Benefits: Crane pose strengthens the arms and wrists, stretches the upper back, strengthens the core muscles, and opens the groin.
Lisa’s Asana 101
Just as I was a writing this I heard a very loud splat hit my window. I looked up as I saw some feathers float away. My hubby and I ran out to see what it was, and found a baby cardinal dazed and confused in the grass by my Four O Clocks.
My first reaction was to scoop him up so I did, just like a baby chick, holding down his wings. He squawked, then I began to talk to him and reassure him. I then felt Reiki energy giving him rest. He closed his eyes! He even began to slow his breathing down, as I walked around front and placed him back into his regular bush by my hummingbird feeder.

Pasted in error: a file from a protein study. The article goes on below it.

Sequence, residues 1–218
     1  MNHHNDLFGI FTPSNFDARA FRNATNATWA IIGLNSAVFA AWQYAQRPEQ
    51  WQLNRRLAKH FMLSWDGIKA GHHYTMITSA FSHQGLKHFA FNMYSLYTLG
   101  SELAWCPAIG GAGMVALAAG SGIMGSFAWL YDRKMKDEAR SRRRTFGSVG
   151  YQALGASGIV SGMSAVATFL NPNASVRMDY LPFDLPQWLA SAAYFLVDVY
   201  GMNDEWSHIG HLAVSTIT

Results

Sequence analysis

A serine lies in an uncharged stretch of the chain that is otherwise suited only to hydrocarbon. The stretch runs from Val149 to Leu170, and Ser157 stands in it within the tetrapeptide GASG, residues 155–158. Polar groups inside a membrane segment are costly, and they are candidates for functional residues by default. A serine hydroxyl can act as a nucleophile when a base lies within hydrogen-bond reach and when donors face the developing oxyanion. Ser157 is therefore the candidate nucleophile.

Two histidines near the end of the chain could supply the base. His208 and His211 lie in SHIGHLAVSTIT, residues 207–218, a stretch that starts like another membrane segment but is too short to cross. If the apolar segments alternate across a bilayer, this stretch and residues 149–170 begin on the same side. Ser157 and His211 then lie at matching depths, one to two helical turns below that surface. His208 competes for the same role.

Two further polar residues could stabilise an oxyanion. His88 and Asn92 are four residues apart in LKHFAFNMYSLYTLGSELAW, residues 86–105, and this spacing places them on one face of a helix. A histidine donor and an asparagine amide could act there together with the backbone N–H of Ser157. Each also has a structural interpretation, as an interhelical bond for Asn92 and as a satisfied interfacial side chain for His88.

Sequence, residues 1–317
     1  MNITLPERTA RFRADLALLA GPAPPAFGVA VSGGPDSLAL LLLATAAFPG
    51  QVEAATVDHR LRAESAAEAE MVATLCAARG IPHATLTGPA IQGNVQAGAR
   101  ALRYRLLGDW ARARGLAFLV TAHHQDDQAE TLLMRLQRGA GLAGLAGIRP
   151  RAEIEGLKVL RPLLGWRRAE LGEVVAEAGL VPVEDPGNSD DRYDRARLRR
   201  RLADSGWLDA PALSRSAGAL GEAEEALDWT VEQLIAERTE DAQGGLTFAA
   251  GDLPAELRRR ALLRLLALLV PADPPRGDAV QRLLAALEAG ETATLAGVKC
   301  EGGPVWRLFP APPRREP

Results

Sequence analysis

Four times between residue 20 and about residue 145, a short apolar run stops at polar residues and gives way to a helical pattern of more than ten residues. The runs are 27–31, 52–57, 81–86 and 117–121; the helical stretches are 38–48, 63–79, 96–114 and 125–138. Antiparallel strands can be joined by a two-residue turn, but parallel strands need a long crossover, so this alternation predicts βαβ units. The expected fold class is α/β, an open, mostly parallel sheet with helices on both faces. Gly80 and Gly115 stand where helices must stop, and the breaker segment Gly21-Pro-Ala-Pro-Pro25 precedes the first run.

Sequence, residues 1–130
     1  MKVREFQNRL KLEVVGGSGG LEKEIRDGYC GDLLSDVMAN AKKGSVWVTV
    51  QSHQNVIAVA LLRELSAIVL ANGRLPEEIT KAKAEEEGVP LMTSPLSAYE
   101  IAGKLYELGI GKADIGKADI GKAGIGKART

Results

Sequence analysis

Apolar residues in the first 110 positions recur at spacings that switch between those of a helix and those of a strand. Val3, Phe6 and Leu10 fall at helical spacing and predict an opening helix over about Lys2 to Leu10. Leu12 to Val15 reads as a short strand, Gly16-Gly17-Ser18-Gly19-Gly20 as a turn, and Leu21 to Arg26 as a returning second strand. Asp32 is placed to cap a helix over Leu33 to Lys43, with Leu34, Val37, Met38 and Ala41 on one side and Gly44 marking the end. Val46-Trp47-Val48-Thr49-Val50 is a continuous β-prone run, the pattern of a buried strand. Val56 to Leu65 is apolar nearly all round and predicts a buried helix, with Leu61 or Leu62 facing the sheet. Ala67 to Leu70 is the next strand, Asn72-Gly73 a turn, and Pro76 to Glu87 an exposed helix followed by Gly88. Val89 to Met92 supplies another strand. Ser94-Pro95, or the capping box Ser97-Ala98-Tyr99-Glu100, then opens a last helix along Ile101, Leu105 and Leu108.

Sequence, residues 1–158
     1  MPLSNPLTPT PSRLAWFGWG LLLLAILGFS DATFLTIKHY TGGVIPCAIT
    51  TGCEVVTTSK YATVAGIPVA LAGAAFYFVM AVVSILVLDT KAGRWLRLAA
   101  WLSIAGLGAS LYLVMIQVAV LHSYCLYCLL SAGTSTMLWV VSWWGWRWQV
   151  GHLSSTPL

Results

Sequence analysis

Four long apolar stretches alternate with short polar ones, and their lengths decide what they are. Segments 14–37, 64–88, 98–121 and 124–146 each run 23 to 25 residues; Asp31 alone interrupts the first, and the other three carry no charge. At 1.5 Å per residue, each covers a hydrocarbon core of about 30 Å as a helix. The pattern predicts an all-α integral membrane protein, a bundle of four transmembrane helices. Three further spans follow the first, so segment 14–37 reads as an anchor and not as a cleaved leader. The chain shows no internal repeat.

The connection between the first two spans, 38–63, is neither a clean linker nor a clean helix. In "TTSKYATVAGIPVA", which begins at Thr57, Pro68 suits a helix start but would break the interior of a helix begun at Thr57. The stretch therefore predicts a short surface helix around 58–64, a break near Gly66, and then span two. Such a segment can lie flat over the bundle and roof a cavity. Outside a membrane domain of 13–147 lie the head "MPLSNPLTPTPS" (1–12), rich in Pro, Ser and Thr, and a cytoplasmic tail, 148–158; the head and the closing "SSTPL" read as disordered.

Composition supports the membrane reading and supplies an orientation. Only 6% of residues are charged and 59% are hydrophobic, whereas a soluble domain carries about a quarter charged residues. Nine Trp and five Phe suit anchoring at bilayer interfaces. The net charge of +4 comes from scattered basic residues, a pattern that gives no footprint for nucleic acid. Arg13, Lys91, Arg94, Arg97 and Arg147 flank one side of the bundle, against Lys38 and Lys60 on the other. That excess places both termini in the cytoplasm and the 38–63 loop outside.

He gently walked onto the branch and is doing just fine!
What a little gift from above this Memorial Day.
When I first began to attempt this asana I would place folded blankets in front of me as a ‘crash pad’. Another prop we often use in class is setting two cork blocks end to end in the center of the mat. Come onto your hands and look up, bringing your knees all the way up to the back of your triceps or hug your knees around your arms as close to the underarms as possible. Step your toes up onto the blocks and lift up the belly.
Utilizing upper abdominal lock, Udhyana Bandha, is essential to get the lift you will need to fly! Practice lifting one foot and point the toes, then the other. Eventually you will lift both and take flight! This arm balance is very attainable. It may take you months or years, or may come easy.
I encourage you to take flight as you continue to practice Bakasana. Fall, crash, but get up and try again! The rewards of this posture are amazing.